TOKYO -- Singapore's private sector grew marginally in January, with output stopping its expansion for the first time since September and new business growth weakening further.
The Nikkei Singapore Purchasing Managers' Index, or PMI, decreased to 50.1 in January from 52.7 in December, edging closer to a state of stagnation. A reading above 50 indicates economic expansion, while a reading below 50 points toward contraction.
New business increased fractionally and was the weakest recorded across the past two and a half years while sales to foreign clients fell at an accelerated pace. Slower growth in order books also curbed recruitment, ending a 16 month run of job creation in the private sector.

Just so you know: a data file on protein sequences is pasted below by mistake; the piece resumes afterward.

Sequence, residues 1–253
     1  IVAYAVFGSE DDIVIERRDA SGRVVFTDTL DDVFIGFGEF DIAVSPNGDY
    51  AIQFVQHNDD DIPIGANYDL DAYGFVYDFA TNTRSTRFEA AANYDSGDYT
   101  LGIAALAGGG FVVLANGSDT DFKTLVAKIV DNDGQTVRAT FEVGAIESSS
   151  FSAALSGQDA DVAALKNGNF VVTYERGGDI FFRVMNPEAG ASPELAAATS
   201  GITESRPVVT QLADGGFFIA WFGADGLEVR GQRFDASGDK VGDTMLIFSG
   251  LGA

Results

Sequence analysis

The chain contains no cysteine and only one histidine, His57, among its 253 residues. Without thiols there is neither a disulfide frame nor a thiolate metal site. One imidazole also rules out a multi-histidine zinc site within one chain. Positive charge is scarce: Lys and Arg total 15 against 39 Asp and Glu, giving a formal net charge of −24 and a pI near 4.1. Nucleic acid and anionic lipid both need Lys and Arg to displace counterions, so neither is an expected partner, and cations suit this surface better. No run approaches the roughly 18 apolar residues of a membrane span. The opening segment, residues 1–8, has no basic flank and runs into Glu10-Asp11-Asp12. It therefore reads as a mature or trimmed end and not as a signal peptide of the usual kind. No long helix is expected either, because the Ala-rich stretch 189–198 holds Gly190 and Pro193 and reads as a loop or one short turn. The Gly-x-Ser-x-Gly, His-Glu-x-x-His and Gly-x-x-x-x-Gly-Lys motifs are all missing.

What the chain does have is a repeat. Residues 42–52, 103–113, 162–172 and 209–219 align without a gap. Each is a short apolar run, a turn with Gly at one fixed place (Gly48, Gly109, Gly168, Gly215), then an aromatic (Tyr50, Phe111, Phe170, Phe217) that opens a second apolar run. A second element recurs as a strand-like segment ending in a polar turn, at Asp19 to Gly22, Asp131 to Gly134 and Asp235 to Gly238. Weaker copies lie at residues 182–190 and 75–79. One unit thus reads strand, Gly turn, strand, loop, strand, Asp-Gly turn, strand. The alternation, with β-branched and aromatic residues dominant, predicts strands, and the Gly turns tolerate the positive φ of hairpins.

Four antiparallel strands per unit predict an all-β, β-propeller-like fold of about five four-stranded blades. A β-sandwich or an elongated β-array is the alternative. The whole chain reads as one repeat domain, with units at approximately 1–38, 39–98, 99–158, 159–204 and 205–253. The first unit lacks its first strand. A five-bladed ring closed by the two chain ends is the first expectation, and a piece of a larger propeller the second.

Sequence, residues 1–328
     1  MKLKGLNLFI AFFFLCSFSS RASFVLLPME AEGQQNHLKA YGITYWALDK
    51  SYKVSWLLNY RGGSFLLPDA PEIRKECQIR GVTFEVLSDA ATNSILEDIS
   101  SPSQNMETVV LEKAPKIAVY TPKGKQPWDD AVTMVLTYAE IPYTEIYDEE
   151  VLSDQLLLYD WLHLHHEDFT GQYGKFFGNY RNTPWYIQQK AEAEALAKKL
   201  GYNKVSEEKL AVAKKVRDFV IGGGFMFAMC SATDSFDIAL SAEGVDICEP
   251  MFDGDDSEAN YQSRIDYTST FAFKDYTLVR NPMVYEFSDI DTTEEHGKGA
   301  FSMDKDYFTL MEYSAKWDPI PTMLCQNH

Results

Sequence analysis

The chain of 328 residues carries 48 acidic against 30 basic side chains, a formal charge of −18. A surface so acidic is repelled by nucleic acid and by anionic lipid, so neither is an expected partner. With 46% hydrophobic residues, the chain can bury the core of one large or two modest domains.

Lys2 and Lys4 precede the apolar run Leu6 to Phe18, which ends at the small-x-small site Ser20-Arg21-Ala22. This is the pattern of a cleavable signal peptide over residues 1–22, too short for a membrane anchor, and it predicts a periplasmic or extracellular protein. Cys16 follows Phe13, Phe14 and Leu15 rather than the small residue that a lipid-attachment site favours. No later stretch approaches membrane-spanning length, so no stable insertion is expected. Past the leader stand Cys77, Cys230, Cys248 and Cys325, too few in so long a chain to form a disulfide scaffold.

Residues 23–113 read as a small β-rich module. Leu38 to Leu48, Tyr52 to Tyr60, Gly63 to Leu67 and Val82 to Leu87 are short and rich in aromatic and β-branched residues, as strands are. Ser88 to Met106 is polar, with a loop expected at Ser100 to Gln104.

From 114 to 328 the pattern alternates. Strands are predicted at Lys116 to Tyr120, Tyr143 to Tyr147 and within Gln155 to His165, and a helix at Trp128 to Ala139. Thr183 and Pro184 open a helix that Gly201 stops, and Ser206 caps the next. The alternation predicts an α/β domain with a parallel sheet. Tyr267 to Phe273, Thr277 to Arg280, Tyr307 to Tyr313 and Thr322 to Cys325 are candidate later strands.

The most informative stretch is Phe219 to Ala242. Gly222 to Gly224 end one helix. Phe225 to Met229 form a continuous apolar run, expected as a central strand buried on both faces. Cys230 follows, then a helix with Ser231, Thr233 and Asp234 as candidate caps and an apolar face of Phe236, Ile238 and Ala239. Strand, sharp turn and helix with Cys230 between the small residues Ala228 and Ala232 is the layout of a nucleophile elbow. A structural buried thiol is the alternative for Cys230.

"The underlying trajectory of Singapore's economy took a turn for the worse during January," said Joe Hayes, economist at IHS Markit, which compiles the survey. The data "suggests that private sector companies are bracing themselves for less favorable times with employment, input buying and stock levels being reduced," concluding that "against an already-challenging global economic environment, signs of a waning domestic market suggest difficulties lie ahead for Singapore," he added.
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